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The Limits of Joe Manchin’s Conservatism

Senator Joe Manchin, recent subject of a Two Minutes Hate for torpedoing the “Build Back Better” legislation, approached the White House yesterday to lay out a framework for future domestic-policy negotiations. From the New York Times this morning: On Tuesday, Mr. Manchin went to the White House and put forward his own outline for the […]
The Limits of Joe Manchin’s Conservatism

Senator Joe Manchin, recent subject of a Two Minutes Hate for torpedoing the “Build Back Better” legislation, approached the White House yesterday to lay out a framework for future domestic-policy negotiations. From the New York Times this morning:

On Tuesday, Mr. Manchin went to the White House and put forward his own outline for the domestic policy plan, which included money for universal prekindergarten, child care and some environmental provisions, but did not include the one-year extension of the child tax credit, according to people familiar with the offer.

That Manchin is willing to sign on to limited climate-initiative funding, child care, and universal pre-K is in keeping with a Monday Washington Post report on his private offer to the White House. It also reveals the limits of Manchin’s Blue Dog posture.

In several reports, Manchin’s aides indicated that the senator supports the child tax credit but wants it to include a work requirement for recipients. The Times reports that Manchin is nevertheless concerned about the cost of the program and, according to the Wall Street Journal, has worries about the moral hazards involved.

There’s no getting around it: The child tax credit is expensive. It would cost $1.5 trillion dollars over ten years if made permanent and fully refundable. While that figure is large—and I realize in making this point I’m going to sound a lot like the most insufferable people you know—it is a fraction of what America is projected to spend on defense in the coming decade, which totals over $7 trillion. The child tax credit appears to have contributed significantly to recent declines in childhood hunger and poverty. If conservatives are serious about making it easier for Americans to raise large families, the child tax credit is one of the best policy tools at their disposal.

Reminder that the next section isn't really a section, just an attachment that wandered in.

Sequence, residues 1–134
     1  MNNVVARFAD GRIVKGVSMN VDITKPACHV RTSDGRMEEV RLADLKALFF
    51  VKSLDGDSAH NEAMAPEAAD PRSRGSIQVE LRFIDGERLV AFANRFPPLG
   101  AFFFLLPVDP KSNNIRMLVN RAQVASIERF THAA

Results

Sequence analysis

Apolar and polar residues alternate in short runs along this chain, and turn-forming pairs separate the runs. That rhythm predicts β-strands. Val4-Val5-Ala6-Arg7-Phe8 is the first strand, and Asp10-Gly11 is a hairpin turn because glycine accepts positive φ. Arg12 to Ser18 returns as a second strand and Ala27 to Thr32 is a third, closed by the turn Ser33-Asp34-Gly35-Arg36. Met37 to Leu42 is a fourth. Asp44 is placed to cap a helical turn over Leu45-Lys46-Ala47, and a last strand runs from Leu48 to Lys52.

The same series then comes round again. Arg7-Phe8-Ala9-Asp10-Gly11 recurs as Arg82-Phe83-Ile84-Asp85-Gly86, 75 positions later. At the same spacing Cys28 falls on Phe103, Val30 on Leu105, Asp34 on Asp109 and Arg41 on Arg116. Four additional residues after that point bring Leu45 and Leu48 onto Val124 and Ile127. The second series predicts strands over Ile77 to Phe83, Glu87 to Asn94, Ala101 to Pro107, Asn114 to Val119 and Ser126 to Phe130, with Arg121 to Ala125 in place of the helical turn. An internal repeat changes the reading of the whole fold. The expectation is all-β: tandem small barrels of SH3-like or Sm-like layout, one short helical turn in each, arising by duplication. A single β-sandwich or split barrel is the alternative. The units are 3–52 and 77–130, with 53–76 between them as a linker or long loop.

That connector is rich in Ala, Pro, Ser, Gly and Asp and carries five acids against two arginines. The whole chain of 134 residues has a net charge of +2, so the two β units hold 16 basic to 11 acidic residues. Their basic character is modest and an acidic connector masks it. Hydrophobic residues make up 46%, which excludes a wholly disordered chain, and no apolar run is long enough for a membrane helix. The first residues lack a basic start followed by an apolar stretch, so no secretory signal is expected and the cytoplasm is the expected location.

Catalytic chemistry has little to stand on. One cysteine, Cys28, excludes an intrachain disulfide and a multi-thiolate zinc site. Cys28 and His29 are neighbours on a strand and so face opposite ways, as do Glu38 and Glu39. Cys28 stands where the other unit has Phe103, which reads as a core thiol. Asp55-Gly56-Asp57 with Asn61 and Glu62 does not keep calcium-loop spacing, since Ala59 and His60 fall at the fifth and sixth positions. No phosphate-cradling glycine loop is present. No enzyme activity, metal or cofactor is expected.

Manchin’s support for universal pre-K and child-care are concerning for social conservatives. Of the three-headed hydra of universal prekindergarten, subsidized child care, and the child tax credit, the latter was far and away the most defensible policy and the one least injurious to the aims of social conservatives.

You sound like a nut when you say it out loud, but universal pre-K is almost guaranteed to move an entire generation of children to the left. It is hard to think of a surer path to social upheaval than turning hordes of small children over to agents of the state whose federal funding is contingent on teaching children the racial and sexual dogmata of high-church progressivism. If you think colleges are effective in brainwashing kids, wait until the education majors from Berkeley are teaching your three-year-old about gender identity.

On child care, note the way prominent progressives speak about the issue. Elizabeth Warren said creating a universal, federally funded child care regime was urgent, because “too many mamas and daddies today are getting knocked off the track and never get back on,” with the “track,” of course, being slavery to Mammon. At Slate, Jordan Weismann said “One of the better arguments for providing child-care services—as opposed to straight cash payments to parents, as some policy wonks have proposed—is that encouraging women to stay in the workforce will create future economic gains.” The universal child-care program is a way to remake the structure of the American family, normalize and subsidize two-income households, and ensure that young children are spending as much time as possible around right-thinking progressive functionaries instead of their (potentially reactionary) parents.

It’s fine to worry about the costs of these programs amid rising inflation, but Manchin’s reported counter-offer suggests he either hasn’t thought through their social implications or he doesn’t care.

 

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